Jane Drew was a pioneer in architecture in the United Kingdom, both for her architectural work and for her labor policy, since for a time she employed only women in her company. Why? For the simple reason of the discrimination she herself had suffered at the time of finding work. But this didn't stop her, but made her stronger and more aware of the feminine potential in architecture.
Who was Jane Andrew?
Born in Surrey in 1911, Jane studied at the Architectural Association School of Architecture, and she is considered one of the best modernist architects in the United Kingdom, designing important buildings around the world.
Drew was passionate about modernist architecture: the bold and contemporary designs that came from continental Europe, especially the modern buildings of the swiss architect Le Corbusier.
She was a member for many years of the Modern Architectural Research Group, becoming fully involved in it. At that time, the MARS (Modern Architectural Research Group) had plans to rebuild post-war London, visualizing a utopian and socialist design. This new image thought of the people damaged by the war and would include the construction of new social buildings to house the english population of those times.
It was a project with enormous potential and extremely futuristic for those moments, but it never came to fruition.
Drew married architect Jim Alliston in 1934. Unlike most married women of the time, she insisted on keeping her own name and when the couple set up a joint business, it was named Alliston Drew. Her first marriage didn’t work out, and in 1942 she married another architect, Maxwell Fry, and started a professional partnership with him. Together, they worked on creating the new town of Harlow, Essex, then moved on to public buildings including hospitals, universities, housing complexes and damns in Nigeria, Ghana, the Ivory Coast, Persia and India. They became experts in the architecture of hotter climates. Drew frequently mixed with design luminaries such as Barbara Hepworth, Eduardo Paolozzi and Henry Moore, and collaborated with Walter Gropius, founder of the Bauhaus school. In 1996, Drew was made a Dame of the British Empire.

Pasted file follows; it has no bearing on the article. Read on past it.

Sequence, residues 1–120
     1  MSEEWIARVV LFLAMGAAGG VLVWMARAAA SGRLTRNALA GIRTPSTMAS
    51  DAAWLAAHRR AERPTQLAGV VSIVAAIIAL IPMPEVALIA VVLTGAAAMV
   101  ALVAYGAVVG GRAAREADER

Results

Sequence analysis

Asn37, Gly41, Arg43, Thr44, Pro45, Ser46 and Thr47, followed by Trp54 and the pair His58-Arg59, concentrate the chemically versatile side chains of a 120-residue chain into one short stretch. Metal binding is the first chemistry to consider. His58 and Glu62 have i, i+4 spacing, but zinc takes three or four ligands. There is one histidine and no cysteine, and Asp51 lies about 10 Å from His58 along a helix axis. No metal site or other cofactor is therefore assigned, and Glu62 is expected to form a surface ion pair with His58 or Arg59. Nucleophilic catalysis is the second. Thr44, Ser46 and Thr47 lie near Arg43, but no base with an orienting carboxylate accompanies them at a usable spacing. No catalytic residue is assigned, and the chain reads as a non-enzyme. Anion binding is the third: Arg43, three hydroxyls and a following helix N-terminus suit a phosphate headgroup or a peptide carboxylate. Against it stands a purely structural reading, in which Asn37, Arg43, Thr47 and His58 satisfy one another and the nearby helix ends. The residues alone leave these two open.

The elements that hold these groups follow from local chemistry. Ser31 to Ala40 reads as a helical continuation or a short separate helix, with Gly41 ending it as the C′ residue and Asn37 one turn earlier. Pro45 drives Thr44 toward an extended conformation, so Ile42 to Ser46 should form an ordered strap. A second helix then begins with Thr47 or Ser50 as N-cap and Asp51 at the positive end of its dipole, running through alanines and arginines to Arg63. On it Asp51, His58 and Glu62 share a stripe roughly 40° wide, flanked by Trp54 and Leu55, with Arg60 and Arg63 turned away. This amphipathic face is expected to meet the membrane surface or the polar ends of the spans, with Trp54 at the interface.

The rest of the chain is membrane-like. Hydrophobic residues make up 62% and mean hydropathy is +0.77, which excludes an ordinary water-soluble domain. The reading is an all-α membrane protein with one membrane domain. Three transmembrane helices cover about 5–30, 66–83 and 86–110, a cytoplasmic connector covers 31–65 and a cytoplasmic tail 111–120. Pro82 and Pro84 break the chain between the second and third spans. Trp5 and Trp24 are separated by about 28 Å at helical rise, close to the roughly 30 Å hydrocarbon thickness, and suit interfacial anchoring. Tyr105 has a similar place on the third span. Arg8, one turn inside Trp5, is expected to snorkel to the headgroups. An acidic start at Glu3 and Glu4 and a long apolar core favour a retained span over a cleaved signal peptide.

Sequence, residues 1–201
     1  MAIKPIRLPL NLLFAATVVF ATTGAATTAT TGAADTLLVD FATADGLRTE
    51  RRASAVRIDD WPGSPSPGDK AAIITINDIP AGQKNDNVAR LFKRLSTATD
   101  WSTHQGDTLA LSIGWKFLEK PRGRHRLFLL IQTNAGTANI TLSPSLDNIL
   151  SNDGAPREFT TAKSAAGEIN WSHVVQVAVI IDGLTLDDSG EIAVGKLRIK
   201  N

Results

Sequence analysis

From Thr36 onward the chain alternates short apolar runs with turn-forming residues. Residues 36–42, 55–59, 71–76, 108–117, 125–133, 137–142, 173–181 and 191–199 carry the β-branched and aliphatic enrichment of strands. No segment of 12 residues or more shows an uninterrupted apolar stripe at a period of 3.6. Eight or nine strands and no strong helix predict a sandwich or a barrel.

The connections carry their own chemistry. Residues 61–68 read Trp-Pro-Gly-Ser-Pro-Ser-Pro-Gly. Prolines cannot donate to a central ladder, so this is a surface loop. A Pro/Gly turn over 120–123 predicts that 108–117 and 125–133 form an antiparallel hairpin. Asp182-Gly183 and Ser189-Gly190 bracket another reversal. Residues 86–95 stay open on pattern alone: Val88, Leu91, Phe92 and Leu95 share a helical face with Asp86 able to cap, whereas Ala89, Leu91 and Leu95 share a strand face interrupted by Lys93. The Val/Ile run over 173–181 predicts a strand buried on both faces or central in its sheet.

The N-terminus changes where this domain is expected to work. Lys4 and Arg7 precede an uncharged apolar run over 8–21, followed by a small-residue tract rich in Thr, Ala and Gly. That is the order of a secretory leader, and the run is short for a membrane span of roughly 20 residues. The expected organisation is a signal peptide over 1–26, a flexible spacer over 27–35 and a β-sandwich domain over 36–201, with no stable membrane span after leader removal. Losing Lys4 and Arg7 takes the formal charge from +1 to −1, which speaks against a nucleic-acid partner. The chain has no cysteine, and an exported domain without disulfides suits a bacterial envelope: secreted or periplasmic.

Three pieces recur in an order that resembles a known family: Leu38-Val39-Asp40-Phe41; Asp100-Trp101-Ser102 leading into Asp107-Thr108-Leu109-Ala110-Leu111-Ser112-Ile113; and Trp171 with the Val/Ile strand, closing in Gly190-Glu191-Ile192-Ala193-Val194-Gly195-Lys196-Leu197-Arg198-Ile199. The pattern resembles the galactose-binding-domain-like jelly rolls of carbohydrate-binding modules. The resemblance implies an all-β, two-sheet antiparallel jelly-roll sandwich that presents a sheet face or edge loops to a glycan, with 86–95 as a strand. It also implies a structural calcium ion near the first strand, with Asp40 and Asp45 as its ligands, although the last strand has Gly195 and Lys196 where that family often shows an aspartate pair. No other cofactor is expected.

The revolutionary architect
Drew encountered a problem when embarking on her professional path, because in the thirties, when Drew started her career in architecture, the industry was male-dominated. Many firms she applied to wouldn’t even consider employing her purely because of her gender. Later, when she founded her own company, she at first made a point of employing only women, trying to end that discrimination that she herself had suffered. The outstanding female architect of her generation, Drew´s work was pioneering and significant, and changed the landscape of 20th century architecture.
What influence has she left behind today?
Drew has left her mark in numerous cities and participated directly in the creation of the Institute of Contemporary Art (1964), the School for the Dead in South London (1968) and the Open University in Milton Keynes (1969-77). She had an anthropological approach to design that used vigorous research methods to ensure that her buildings worked in a practical way and for the people who used them. This approach is now more than usual in our buildings and urban planning, but in those days was a pioneer in their work.